According to a proxy statement, Disney paid Iger $3 million in base salary, nearly $30 million in stock and option awards and another $21.8 million in non-equity incentive plan compensation. The 2018 package reflected a one-time incentive that was awarded to Iger after he agreed to stay on as company chief past the date when he had initially announced he would retire.
No other executive got close to Iger’s level in 2019, with CFO Christine McCarthy coming in No. 2 with a total package of just shy of $15 million, up from $11.8 million in 2018.
The amount of Iger’s pay — and that of other corporate CEOs — has generated criticism in recent years. Disney heiress Abigail Disney, grand-daughter of Roy O. Disney, co-founder of the company, labeled his 2018 compensation “insane.” Politicians like Bernie Sanders have decried the income inequality between CEOs and the average worker at top companies, including Disney. Disney has countered by pointing out its investment of $150 million in an education program designed for many of the company’s 223,000 employees.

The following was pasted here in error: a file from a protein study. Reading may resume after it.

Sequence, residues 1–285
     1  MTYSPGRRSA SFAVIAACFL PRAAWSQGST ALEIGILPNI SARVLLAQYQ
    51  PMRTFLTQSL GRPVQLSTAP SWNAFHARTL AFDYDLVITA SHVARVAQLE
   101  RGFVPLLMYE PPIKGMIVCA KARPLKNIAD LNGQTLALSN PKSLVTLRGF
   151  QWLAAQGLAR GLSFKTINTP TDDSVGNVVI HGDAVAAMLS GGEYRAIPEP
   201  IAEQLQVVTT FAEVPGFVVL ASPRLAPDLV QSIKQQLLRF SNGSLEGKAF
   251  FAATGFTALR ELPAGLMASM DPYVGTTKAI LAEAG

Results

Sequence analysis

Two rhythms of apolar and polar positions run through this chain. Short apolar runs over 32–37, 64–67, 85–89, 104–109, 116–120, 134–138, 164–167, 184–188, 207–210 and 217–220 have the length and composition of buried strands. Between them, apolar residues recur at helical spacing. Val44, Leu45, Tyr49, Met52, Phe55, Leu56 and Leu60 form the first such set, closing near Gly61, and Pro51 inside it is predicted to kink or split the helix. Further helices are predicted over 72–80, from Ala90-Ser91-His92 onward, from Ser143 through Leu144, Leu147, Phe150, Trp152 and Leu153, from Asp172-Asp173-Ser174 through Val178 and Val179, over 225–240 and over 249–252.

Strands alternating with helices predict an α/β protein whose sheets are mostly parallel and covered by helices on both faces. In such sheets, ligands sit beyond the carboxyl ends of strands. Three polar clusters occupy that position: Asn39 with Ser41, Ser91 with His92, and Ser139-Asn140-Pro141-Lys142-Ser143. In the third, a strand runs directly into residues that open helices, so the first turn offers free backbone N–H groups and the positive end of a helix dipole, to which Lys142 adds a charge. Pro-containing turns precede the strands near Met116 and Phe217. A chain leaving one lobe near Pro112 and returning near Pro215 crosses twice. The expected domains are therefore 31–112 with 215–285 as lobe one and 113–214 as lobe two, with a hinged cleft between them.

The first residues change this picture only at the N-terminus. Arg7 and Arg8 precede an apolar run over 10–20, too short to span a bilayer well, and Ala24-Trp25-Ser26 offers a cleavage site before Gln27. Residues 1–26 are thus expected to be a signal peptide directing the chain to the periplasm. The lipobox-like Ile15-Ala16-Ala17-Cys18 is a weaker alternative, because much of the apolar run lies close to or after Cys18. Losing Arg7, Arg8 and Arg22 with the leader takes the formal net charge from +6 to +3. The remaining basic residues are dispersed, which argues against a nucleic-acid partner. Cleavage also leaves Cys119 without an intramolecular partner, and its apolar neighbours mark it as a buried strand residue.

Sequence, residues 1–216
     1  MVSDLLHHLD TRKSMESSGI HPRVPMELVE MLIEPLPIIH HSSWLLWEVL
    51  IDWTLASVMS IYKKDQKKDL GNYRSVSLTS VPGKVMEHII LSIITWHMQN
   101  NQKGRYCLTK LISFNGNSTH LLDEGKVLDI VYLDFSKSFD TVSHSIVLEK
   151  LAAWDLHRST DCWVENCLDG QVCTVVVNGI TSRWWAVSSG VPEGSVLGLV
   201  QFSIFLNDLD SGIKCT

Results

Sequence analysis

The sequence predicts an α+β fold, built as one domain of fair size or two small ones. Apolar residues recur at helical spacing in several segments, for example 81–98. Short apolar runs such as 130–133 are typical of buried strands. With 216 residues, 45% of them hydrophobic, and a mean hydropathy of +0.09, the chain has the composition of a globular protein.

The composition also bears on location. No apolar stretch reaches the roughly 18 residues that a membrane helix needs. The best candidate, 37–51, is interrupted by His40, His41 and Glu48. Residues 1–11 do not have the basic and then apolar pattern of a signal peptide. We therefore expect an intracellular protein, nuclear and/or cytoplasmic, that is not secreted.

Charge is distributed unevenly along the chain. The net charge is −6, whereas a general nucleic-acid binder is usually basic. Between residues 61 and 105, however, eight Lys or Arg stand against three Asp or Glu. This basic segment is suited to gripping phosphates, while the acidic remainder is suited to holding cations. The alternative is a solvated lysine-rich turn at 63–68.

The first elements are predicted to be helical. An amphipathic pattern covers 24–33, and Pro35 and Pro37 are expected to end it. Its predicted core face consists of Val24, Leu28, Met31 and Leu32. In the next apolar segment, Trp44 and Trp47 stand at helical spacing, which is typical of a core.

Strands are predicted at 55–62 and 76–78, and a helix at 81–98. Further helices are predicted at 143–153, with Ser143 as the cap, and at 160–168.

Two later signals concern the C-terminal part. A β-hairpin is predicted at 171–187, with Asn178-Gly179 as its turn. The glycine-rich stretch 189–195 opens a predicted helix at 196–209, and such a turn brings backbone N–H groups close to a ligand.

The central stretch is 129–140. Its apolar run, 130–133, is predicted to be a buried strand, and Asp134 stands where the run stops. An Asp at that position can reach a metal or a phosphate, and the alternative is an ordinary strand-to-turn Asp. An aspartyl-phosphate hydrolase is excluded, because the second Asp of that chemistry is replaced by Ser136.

The issue of compensation surfaced in several publicity interviews Iger did last fall to promote his memoir, The Ride of a Lifetime. Speaking to Maureen Dowd of the New York Times, Iger didn’t address his own pay but said the company is “trying really hard to find solutions to the challenges and the problems that our employees are facing today.”
On Wall Street, Iger’s stewardship of the company has been an unalloyed success, pushing the company’s stock to record levels in recent months as it launched streaming service Disney+. Iger has transformed the company through several landscape-altering acquisitions, including the $71.3 billion deal to take over most of 21st Century Fox.
In the proxy filing, Disney said its 2020 annual meeting of shareholders will be held on March 11 in Raleigh, NC. The primary business of the meeting will be electing new members to the board of directors.